White Elefant Presents Debut LP at The Mix

One thing we forgot to ask White Elefant (Josh Mathis, Dave Novak, Cass Grady, and W.J. Robinson): What’s with the sunglasses? - Courtesy photo
Courtesy photo
One thing we forgot to ask White Elefant (Josh Mathis, Dave Novak, Cass Grady, and W.J. Robinson): What’s with the sunglasses?

At a time when musical artists, local and otherwise, are increasingly gadget-obsessed and depressingly convinced that the pile-on approach makes their work more interesting, San Antonio’s White Elefant finds their depth and charm in simplicity. Conceived in friendship and born in a one-car garage in 2006, White Elefant carved a faint niche for themselves sporadically playing their simple, organically honed, and sharp-edged indie rock tunes around town. Their sound, as those few who know and love them can attest, is disarmingly straightforward and wry, living off of wandering and anxious electric guitar variations, a fervent and dexterous rhythm section, and Josh Mathis’ comfortingly/sneeringly nasal delivery of his smart lyrics.

Once just the trio of guitarist Mathis, bassist Cass Grady, and drummer W.J. Robinson, the group recently rounded out their lineup with multi-instrumentalist/producer Dave Novak (of Phonolux), who produced White Elefant’s only recorded release, 2011’s excellent El Infante EP.

“I don’t know whether it’s having the extra person to play off of, or the extra dynamics and sounds on stage or what, but it’s definitely had an effect,” Mathis says of the addition. Mostly finished with their first LP (due this summer) after all these years, White Elefant’s pop-tilted grunge sound has more tenacity and clarity to it than ever — a product of their patient, easygoing approach. “It may take longer,” said Mathis, “but the advantage is that the songs can evolve over time and take on a life of their own.”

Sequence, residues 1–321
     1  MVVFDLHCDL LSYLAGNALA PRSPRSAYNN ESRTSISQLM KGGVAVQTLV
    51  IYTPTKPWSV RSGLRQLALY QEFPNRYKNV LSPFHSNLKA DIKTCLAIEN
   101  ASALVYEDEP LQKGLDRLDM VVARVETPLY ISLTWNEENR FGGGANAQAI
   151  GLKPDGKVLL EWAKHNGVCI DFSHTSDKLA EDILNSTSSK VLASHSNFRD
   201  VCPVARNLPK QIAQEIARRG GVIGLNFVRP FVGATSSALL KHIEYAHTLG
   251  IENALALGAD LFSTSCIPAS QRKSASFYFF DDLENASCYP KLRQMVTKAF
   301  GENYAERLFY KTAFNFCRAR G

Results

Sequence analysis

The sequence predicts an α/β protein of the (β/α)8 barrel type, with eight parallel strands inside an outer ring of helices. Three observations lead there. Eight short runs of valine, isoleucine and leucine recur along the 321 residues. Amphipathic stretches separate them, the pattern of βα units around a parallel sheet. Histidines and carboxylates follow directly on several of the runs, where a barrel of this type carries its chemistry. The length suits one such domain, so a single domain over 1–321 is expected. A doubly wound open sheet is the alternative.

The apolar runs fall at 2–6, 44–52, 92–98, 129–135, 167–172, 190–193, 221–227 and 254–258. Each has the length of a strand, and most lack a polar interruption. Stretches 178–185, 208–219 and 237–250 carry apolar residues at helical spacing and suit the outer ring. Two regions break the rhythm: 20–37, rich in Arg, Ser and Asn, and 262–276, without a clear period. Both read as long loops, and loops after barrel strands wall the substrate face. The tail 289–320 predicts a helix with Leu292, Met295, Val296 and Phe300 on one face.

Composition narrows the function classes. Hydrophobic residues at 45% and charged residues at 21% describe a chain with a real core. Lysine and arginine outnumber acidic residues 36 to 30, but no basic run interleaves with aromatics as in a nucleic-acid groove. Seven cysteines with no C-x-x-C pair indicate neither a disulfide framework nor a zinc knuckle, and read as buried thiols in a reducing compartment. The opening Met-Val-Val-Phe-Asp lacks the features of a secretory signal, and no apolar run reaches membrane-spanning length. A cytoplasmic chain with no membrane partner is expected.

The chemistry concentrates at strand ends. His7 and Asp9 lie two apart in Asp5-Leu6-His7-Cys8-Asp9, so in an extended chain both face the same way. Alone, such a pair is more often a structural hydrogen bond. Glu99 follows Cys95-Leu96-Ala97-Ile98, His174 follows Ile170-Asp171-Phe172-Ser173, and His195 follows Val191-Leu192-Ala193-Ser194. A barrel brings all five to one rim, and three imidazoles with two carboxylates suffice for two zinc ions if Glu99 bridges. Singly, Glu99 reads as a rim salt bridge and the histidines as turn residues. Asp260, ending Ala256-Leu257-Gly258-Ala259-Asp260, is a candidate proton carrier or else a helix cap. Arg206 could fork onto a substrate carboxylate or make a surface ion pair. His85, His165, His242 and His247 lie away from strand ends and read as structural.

Lyrically speaking, the White Elefant catalog is simple, yet nebulous, and represents a solid mix of detachment, confidence, and anguish. After explaining that he writes his lyrics hoping that people will find their own deeper meanings and not be able to pinpoint where he’s coming from, Mathis concedes.

“Now that I say that, I just remembered that one of our songs has lyrics that are basically the indie rock equivalent of a battle rap — passive-aggressive, seething with sarcastic rage and devoid of curse words,” he says. “I’m not going to say which. Maybe it’s all of them.”

The yet-to-be-named LP has all the promise of being one of the best local offerings of the year. Thursday’s show at The Mix is a perfect opportunity to get acquainted with many of its songs, in a setting that befits their frill-free aesthetic. The group’s tight and ever-improving live show is driven by the hope that their music will be their best promotional tool and Mathis’ desire to “surprise people [by] playing something that makes them see, hear, or feel something they weren’t expecting to.”

While the band no doubt hopes shows like this, and others leading up to the eventual album release, will bolster their fan base, Mathis says that they won’t pay too much mind to popularity for popularity’s sake.

“The attention and the encouragement help keep you going, but it shouldn’t be why you show up to practice every week,” he says. “We want to write good songs, have an avenue to share them with people — be it live, a recording, or otherwise — and enjoy ourselves doing it. Anything else is too far out of our control to worry about.”

Here’s to keeping it simple.

White Elefant feat Lost Prophet

9 pm Thu, June 6
The Mix
2423 N. St. Mary’s
(210) 735-1313

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